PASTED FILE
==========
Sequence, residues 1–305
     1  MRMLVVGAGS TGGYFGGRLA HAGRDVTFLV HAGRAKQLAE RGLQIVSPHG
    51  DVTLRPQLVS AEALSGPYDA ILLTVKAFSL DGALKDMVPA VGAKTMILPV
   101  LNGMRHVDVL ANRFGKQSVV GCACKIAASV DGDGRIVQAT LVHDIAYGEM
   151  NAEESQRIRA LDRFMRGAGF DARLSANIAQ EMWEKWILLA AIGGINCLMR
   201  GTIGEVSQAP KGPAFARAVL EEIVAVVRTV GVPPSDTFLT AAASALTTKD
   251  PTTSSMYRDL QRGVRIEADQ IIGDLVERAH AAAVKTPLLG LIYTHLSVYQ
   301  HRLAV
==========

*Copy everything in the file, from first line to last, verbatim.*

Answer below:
Sequence, residues 1–305
     1  MRMLVVGAGS TGGYFGGRLA HAGRDVTFLV HAGRAKQLAE RGLQIVSPHG
    51  DVTLRPQLVS AEALSGPYDA ILLTVKAFSL DGALKDMVPA VGAKTMILPV
   101  LNGMRHVDVL ANRFGKQSVV GCACKIAASV DGDGRIVQAT LVHDIAYGEM
   151  NAEESQRIRA LDRFMRGAGF DARLSANIAQ EMWEKWILLA AIGGINCLMR
   201  GTIGEVSQAP KGPAFARAVL EEIVAVVRTV GVPPSDTFLT AAASALTTKD
   251  PTTSSMYRDL QRGVRIEADQ IIGDLVERAH AAAVKTPLLG LIYTHLSVYQ
   301  HRLAV